Ans. Akbar was 13 years old when he became emperor. His reign can be divided into three periods.
i. 1556-1570 – Akbar became independent of the regent Bairam Khan and other members of his domestic staff. Military campaigns were launched against the Suris and other Afghans, against the neighbouring kingdoms of Malwa and Gondwana, and to suppress the revolt of his half-brother Mirza Hakim and the Uzbegs. In 1568 the Sisodiya capital of Chittor was seized and in 1569 Ranthambhor.
ii. 1570-1585 – military campaigns in Gujarat were followed by campaigns in the east in Bihar, Bengal and Orissa. These campaigns were complicated by the 1579-1580 revolt in support of Mirza Hakim.
iii. 1585-1605 – expansion of Akbar’s empire. Campaigns were launched in the north-west. Qandahar was seized from the Safavids, Kashmir was annexed, as also Kabul, after the death of Mirza Hakim. Campaigns in the Deccan started and Berar, Khandesh and parts of Ahmadnagar were annexed.
Ans. The broad features of administration were laid down by Akbar and were elaborately discussed by Abul Fazl in his book, the Akbar Nama, in particular in its last volume, the Ain-i Akbari. Abul Fazl explained that the empire was divided into provinces called subas, governed by a subadar who carried out both political and military functions. Each province also had a financial officer or diwan. For the maintenance of peace and order in his province, the subadar was supported by other officers such as the military paymaster (bakhshi), the minister in charge of religious and charitable patronage (sadr), military commanders (faujdars) and the town police commander (kotwal). He was interested in the religion and social customs of different people. So, he followed the principle of governance called sulh-i kul or “universal peace”. This idea of tolerance did not discriminate between people of different religions in his realm. Instead it focused on a system of ethics – honesty, justice and peace – that was universally applicable.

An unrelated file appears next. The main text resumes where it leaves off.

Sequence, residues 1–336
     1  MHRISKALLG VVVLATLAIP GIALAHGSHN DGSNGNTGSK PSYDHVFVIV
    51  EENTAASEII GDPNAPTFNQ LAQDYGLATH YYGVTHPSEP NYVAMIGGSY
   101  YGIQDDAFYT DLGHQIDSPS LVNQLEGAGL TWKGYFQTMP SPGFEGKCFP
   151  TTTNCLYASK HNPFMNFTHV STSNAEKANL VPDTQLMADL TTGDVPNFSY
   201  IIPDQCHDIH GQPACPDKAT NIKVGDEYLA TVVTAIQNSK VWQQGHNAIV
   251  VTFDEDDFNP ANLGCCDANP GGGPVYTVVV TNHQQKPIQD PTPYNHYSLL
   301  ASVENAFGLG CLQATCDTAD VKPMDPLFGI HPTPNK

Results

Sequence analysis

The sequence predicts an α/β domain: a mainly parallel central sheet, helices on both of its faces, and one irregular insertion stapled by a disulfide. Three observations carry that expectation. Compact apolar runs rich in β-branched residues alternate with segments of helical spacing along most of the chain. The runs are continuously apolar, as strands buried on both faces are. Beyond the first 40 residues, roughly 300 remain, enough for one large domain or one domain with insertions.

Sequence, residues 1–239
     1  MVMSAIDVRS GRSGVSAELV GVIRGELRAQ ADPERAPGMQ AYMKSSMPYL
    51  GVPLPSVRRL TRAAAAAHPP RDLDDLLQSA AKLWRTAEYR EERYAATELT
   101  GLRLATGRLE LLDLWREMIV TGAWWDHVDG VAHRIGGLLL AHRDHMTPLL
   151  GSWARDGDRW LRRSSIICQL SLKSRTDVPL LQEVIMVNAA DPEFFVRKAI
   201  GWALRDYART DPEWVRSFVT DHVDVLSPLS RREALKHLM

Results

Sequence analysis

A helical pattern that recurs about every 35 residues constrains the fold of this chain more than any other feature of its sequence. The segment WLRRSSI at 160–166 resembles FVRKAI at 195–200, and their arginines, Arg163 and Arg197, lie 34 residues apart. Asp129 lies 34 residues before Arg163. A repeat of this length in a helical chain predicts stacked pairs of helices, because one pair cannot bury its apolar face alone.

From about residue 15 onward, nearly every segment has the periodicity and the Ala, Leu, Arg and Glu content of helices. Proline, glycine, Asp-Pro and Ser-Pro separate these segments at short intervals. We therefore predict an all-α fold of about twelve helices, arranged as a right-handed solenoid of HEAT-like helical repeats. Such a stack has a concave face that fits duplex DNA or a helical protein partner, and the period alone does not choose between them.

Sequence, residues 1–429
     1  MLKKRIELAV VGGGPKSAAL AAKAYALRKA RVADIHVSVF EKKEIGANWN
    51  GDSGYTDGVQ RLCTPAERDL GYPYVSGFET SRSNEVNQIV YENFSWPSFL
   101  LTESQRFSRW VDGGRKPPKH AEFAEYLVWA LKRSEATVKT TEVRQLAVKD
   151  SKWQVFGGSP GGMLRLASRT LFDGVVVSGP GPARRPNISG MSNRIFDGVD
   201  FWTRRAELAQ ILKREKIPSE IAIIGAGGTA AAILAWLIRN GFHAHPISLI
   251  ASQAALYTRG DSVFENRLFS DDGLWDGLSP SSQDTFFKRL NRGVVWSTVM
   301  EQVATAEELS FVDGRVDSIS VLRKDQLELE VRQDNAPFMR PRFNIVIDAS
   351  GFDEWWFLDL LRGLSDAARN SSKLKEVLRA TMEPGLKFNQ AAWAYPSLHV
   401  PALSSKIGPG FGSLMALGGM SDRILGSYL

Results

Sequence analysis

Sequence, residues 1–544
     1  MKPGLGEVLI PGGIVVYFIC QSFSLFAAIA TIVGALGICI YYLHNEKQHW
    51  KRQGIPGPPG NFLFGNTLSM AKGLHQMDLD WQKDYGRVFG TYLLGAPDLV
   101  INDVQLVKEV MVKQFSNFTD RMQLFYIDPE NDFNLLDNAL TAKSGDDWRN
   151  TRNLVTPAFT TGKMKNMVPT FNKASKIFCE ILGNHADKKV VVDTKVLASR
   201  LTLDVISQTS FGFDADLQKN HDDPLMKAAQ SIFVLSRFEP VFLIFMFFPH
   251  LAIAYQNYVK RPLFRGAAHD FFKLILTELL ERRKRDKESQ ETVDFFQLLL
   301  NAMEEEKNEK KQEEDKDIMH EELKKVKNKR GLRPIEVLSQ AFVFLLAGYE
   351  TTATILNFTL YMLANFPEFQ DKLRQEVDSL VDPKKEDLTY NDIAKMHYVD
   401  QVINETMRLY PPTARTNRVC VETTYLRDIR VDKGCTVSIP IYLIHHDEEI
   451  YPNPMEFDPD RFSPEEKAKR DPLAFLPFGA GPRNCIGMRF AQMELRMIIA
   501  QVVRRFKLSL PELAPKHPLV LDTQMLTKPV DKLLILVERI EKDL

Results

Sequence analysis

Ans. Mughal Empire in the Seventeenth Century and After
i. The administrative and military efficiency of the Mughal Empire led to great economic and commercial prosperity. International travellers described it as the fabled land of wealth. But these same visitors were also appalled at the state of poverty that existed side by side with the greatest opulence.
ii. The Mughal emperors and their mansabdars spent a great deal of their income on salaries and goods. This expenditure benefited the artisans and peasantry who supplied them with goods and produce. But the scale of revenue collection left very little for investment in the hands of the primary producers – the peasant and the artisan.
iii. The enormous wealth and resources commanded by the Mughal elite made them an extremely powerful group of people in the late seventeenth century. As the authority of the Mughal emperor slowly declined, his servants emerged as powerful centres of power in the regions. They constituted new dynasties and held command of provinces like Hyderabad and Awadh. Although they continued to recognise the Mughal emperor in Delhi as their master, by the eighteenth century the provinces of the empire had consolidated their independent political identities.
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